Coal’s canary in a mine

The coal industry has a canary in its mines: tobacco.

It has not been a good few weeks for coal’s image in SA, and to a large degree the industry can blame itself — its arrogance, myopia and inability to adapt draws comparisons with another industry continually under fire: tobacco. It knows this, because I’ve said it before. 

In November 2017, I addressed the 25th International Coal, Coke and Carbon Forum in Budapest about the shifting scenarios the industry faces. I encouraged industry leaders to think about how they should adapt. I presented them with an unequivocal wake-up call: “You are the ‘new tobacco.”

There was much shaking of heads and gnashing of teeth, and afterwards, over coffee, a barrage of challenges from various industry leaders who couldn’t see the truth through all the smoke.

My comment was not designed for effect; it was based on years of experience helping to steer the strategies of one of the biggest players in the tobacco industry. Now there’s an industry with hubris and hard-learned lessons on the need to adapt.

The soubriquet “Big Tobacco” is apt if one considers a presence looming large — not only in terms of financial power and political attitude, but also legal clout. When the Tobacco Master Settlement Agreement of November 1998 kickstarted regulations in the US and elsewhere to demonise smoking, the tobacco industry stuck to a strategy of challenging those regulations; in effect, delaying the rollout. It simultaneously pursued new markets where antitobacco regulations were struggling to find their feet. The nascent smokeless e-cigarette industry was noted but not worried about.

It took a while for the tobacco industry’s short-sighted approach to strategy to swing. As the regulation scenarios got to a tipping point in terms of public sentiment against smoking, it realised the need to pivot towards smoke-free products. But hesitancy had its costs: e-cigarettes were now a billion-dollar global industry, 97% of which was controlled by five companies: Juul, Vuse, Blu, MarkTen XL, and Logic.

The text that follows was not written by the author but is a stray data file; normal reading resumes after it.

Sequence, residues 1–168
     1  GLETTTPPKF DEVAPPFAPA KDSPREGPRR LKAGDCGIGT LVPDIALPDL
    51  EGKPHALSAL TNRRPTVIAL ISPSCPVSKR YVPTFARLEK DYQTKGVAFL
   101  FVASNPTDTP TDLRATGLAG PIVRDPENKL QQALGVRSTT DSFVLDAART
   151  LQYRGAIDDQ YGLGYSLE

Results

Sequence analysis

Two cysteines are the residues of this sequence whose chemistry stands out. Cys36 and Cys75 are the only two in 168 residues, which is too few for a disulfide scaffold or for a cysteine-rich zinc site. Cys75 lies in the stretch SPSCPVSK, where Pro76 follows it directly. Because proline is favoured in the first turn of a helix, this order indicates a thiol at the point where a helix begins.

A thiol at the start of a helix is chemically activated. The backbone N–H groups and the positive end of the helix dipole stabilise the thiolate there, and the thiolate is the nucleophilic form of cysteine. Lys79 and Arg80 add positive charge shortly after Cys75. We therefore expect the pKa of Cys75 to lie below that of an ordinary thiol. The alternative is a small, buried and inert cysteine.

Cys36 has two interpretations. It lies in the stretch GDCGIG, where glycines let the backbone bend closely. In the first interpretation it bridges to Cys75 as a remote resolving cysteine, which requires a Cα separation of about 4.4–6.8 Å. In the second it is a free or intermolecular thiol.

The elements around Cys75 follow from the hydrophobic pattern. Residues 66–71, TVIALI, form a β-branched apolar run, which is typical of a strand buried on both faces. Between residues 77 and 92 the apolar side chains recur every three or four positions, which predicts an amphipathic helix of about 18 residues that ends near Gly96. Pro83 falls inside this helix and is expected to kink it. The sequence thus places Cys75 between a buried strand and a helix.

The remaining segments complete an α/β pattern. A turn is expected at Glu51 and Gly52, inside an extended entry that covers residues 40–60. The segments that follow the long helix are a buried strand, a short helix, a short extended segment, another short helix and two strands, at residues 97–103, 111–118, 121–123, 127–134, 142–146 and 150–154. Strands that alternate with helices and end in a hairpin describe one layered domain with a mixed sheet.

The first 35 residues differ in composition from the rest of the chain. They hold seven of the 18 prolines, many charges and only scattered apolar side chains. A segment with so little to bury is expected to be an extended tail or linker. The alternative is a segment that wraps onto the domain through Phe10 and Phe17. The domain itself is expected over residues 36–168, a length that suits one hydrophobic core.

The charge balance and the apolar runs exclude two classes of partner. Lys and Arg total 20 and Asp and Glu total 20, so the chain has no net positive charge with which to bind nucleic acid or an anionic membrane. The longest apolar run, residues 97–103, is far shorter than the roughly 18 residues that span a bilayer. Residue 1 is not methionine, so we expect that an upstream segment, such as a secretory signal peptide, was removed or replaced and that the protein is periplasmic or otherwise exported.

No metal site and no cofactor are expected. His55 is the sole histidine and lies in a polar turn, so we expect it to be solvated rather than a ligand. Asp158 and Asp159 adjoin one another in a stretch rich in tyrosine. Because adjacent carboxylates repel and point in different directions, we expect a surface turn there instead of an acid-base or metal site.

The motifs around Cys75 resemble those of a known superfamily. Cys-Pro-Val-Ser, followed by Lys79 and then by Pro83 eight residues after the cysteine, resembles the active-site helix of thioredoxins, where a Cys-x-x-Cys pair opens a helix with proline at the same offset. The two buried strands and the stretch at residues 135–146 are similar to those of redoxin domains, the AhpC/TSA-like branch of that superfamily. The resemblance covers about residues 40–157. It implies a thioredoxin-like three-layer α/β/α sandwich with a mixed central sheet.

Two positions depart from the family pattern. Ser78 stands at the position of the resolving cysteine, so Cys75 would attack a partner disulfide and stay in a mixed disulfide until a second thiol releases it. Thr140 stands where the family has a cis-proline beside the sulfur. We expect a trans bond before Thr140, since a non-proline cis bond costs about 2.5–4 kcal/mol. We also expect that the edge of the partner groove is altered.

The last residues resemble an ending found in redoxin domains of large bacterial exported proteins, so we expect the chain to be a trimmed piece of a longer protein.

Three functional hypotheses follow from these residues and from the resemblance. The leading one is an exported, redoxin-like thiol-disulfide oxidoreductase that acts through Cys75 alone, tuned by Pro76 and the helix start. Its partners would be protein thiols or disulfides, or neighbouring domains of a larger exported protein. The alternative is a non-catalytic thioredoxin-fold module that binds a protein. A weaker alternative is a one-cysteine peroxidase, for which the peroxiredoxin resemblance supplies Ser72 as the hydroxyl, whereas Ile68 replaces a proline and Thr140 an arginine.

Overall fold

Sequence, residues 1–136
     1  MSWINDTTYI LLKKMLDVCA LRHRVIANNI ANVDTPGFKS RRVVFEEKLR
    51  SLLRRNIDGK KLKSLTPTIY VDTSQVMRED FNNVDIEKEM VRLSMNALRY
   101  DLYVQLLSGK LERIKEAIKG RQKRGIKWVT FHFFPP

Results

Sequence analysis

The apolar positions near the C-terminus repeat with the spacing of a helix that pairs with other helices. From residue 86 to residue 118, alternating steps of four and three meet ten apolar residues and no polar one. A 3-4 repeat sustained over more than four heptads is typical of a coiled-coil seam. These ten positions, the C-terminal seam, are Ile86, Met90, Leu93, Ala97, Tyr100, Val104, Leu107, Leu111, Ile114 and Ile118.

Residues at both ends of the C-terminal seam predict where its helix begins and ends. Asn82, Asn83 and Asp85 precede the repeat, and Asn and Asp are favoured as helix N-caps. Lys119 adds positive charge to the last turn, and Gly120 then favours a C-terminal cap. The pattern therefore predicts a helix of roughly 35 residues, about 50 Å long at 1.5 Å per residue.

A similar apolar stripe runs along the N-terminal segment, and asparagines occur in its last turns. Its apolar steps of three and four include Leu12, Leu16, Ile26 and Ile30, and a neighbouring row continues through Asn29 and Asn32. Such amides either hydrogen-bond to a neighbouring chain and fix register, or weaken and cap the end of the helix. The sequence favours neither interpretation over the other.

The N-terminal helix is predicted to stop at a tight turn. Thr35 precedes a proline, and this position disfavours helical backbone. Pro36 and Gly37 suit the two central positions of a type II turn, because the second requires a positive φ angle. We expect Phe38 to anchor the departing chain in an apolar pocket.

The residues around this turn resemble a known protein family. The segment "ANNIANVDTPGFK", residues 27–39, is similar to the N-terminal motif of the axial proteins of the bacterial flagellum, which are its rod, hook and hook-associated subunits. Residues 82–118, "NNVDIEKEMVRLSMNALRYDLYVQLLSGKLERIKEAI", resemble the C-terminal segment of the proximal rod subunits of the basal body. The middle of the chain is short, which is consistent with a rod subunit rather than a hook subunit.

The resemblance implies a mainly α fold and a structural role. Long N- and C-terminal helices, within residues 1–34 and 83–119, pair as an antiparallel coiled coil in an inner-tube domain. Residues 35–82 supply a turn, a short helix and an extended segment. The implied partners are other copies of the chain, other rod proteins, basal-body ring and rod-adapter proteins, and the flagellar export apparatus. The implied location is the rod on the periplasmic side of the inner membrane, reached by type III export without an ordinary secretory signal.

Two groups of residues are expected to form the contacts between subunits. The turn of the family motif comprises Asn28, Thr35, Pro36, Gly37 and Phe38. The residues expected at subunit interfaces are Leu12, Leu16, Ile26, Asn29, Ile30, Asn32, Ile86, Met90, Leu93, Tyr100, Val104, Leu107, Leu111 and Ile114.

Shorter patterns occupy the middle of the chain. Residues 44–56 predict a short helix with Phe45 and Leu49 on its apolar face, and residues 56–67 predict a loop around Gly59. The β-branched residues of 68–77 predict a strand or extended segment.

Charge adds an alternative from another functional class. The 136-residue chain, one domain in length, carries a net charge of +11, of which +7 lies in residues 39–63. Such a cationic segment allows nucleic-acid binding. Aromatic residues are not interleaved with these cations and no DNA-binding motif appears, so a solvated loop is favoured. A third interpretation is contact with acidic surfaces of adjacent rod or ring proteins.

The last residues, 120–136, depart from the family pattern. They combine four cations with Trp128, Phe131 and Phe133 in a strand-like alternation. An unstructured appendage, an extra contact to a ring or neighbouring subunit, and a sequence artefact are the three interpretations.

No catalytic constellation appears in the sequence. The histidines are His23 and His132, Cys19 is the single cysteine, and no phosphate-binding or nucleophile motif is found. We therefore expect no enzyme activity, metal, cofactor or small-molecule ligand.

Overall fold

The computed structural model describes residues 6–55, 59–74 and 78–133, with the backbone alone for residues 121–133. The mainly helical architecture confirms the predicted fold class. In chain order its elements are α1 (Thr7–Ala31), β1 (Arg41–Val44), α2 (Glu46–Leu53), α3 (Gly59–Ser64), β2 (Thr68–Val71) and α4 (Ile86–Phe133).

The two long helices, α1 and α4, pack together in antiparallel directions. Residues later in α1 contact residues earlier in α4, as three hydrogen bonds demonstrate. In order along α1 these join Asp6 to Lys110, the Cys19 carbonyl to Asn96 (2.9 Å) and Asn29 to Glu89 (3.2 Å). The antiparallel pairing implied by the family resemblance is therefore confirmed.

Big Tobacco missed the boat to turn its back on tradition and develop new products. It still had one play to make: deep pockets. Four of those “big five” e-cigarette companies are now owned by tobacco companies. One — Juul — held out until December 2018, when it signed over 35% to Altria, the makers of Marlboro.

The coal industry is facing similar shifting public sentiment away from its product. Globally coal has a dirty image and, it could be argued, deservedly so. But it does have two things in its favour: coal power is cheaper than alternatives, and coal is plentiful — Eskom estimates we have 200 years’ stock of the stuff.

These points have been the foundation of the coal industry’s challenge to negative public sentiment. In SA, where more than three-quarters of power comes from coal, there’s the arrogant threat from the industry: “Like it or lump it”.

That’s fine if there’s no alternative; but in the case of coal, as there was for tobacco, the alternative is not only bright and sparkly, but it comes with an added bonus: it’s healthier. Yes, renewables have, for the moment, a higher cost factor to consider, but there are two rules of the game the coal industry must face up to: the costs of technology behind renewables will come down, and regulations about emissions will gain momentum. 

So how much time does the coal industry have? Glencore, the world’s largest exporter of seaborne coal, recently announced it is capping coal production and is abandoning any further expansion of its coal mines.

I noted with a wry smile the reaction of the markets. Per Lekander, a senior hedge fund manager in London, announced that he is now betting on the price of carbon emission levels in the EU soaring to the point that it will force power stations to close across the continent. His forecast: coal demand in Europe will collapse within three years. 

Anyone got a light?

Originally published in Business Day, 18 March 2019.

Image: Pixabay